d) As stated before, there isn’t a homogenous “Costa Rican” culture, landscape or feel, they are as diverse as our microclimates. To incorporate different regions in a same trip is great to see variety. Even between regions that were populated through the outwards migratory movement of “white” or mestizo people from the Central Valley (1840s-1910s), there are differences. Additionally, different migratory movements after independence (from Europeans in the 19th and early 20th centuries, Jews, Afro-Antilleans, Chinese, Lebanese, people escaping from Latin American dictatorships in the 1970s and 1980s and back again now, Colombians, Nicaraguans, Panamanians, Venezuelans, etc.) have enriched the culture of many areas.

e) Regarding cities/towns, I would not skip them either. As Els says, San José (still) has things that are worth a visit: just this 44 km2 municipality has 90 heritage buildings and sites and many which potentially be declared so. Though all cities have suffered decades of loss of their heritage (as Els describes in her San José review), some still have public spaces, buildings, places that could be rewarding: Heredia, Cartago, Santa Domingo (recommended), Atenas, Alajuela, Palmares, Naranjo, San Ramón, Grecia, Barva (partly lacking authencity, but still interesting besides its central park), Ciudad Colón, San Joaquín de Flores, etc., have (in my view) something interesting. Outside the Central Valley, Puntarenas is a great experience of a coastal city, Esparza and San Mateo preserve many of their Victorian buildings, Liberia and to some extent other Guanacastecan cities an towns (Nicoya, Santa Cruz, Bagaces, towns like Quebrada Honda, Bolsón and Santa Bárbara de Diriá) show a really different cultural background than the Central Valley (and I suspect that part of Liberia may be a future TL Site), Limón is dilapidated, unsafe and poor as can be, but has this rich past, Victorian architecture and Afro-Caribbean feel really got me during a visit I made last January (and they’re working towards using that as an engine for urban renewal and social fabric restoration), “plantation” towns like Golfito, Quepos, and Palmar Sur keep some of their 1930s-1940s heritage, etc.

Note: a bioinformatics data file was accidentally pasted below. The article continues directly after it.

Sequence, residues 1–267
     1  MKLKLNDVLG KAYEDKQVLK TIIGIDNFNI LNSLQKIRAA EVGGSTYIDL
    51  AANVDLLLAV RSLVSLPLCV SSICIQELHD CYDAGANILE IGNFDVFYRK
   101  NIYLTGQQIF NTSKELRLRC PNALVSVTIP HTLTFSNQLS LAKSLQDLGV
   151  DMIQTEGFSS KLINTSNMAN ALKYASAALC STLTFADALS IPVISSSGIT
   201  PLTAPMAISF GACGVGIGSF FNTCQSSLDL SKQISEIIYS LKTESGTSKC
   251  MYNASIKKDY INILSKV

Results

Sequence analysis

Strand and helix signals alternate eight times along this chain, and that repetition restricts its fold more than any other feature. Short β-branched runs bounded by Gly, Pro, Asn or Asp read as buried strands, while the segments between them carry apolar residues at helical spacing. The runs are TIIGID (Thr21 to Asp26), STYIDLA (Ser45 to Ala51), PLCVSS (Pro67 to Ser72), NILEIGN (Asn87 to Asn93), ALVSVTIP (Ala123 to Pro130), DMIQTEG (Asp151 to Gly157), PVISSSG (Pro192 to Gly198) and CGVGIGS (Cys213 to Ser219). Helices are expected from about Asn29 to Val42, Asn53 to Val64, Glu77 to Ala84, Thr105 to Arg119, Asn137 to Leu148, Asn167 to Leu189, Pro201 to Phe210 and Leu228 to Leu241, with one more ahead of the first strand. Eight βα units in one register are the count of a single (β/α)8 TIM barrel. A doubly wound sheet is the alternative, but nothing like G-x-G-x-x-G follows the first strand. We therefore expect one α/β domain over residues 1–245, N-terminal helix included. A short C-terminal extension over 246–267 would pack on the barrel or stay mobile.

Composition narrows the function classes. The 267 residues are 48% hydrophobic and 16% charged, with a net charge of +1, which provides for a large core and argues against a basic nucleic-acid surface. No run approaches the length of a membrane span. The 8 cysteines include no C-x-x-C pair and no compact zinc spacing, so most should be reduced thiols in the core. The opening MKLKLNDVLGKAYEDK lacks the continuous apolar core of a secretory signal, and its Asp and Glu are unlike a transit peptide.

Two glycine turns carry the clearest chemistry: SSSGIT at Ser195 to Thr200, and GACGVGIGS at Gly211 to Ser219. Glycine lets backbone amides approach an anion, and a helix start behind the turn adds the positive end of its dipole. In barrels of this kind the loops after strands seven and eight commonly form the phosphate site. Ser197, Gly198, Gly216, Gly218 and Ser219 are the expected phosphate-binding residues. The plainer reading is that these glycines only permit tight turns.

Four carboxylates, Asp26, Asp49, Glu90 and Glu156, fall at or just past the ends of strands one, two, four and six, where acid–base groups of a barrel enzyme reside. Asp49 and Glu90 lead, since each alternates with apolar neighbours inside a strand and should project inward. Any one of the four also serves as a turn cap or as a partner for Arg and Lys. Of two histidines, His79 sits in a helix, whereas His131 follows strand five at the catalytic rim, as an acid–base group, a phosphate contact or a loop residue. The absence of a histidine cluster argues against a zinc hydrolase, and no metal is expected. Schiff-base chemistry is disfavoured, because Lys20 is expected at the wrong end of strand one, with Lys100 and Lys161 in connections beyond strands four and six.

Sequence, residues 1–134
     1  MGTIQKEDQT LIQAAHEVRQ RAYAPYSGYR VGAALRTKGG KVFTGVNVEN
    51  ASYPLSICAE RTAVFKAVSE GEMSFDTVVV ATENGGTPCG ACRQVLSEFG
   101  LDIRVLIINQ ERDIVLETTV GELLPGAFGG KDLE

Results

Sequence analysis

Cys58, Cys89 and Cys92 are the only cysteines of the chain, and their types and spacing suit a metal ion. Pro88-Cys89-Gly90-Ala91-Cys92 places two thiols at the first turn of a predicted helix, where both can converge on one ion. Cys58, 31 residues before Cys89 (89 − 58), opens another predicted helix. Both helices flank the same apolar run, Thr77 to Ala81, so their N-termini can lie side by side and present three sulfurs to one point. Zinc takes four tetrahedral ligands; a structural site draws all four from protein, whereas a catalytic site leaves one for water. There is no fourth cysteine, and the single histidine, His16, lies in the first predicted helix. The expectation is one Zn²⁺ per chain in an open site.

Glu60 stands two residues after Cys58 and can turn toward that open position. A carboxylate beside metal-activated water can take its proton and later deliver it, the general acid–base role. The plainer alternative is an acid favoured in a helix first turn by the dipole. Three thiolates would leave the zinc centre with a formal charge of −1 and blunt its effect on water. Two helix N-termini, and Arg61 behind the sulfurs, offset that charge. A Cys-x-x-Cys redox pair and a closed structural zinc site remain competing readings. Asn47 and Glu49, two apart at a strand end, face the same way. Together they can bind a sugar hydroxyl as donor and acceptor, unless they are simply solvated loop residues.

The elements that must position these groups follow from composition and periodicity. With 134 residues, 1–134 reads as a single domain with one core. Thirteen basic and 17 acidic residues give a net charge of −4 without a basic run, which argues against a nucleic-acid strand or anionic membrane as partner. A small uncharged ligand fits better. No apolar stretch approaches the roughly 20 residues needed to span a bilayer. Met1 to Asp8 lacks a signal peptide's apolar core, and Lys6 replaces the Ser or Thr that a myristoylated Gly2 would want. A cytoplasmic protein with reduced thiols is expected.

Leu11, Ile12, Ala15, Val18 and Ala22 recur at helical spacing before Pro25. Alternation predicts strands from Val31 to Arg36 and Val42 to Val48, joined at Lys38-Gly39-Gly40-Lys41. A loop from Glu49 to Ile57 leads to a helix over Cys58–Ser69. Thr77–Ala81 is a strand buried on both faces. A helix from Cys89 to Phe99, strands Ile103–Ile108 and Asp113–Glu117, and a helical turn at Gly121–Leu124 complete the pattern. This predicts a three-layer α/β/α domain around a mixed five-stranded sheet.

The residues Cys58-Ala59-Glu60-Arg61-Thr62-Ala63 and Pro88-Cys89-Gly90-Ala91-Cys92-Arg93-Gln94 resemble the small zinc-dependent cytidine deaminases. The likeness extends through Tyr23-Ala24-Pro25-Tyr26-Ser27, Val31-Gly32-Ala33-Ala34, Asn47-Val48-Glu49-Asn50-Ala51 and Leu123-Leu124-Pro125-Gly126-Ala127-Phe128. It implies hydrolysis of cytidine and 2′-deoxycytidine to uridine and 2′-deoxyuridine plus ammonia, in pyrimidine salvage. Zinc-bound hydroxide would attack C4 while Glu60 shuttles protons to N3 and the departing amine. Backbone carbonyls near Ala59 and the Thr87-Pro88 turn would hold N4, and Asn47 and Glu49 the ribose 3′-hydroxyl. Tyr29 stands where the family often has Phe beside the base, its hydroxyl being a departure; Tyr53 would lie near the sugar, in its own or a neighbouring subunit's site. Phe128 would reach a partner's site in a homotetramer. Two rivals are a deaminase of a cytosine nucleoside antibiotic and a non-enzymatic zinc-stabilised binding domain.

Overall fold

f) Regarding food, I think there is also this prevalent idea of Costa Ricans only eating rice, beans and “Casados” and it's really not like that. I don't want to be super extensive on this, but the country has different regional variations, from the very established culinary tradition of Guanacaste -with a distinctive Mesoamerican tradition, and corn-oriented dishes- to the Southern-Caribbean food, the great seafood and desserts at Puntarenas, to the important Chinese community that flourished in the country and is practically everywhere, to the Costa Rican regional varieties of coffee (with Tarrazú, and Turrialba being my favorites). Just referring to the Central Valley, I can mention the variety of "picadillos", soups (like “Olla de Carne”, or “Sopa Negra”), rice dishes, corn dishes, seafood-based Holy Week dishes, sweets (like "cajetas", "guayabitas", "dulces" or “mieles” of different fruits and vegetables, "Tres Leches" and other pies), natural fruit drinks, “Chifrijo” and other “bocas”, and others. For your reference, I share with you the link to these traditional cooking books that the Heritage Center has developed, specialized each of them on a specific region: https://mcj.go.cr/sala-de-prensa/noticias/descargue-los-recetarios-del-centro-de-patrimonio-y-redescubra-la-cocina

Lastly, needless to say, if you require some advice on places to visit, please consider my e-mail address: vant83@gmail.com. I will try -with my sometimes-limited time- to provide detailed orientation to you.


Els Slots 25 April 2021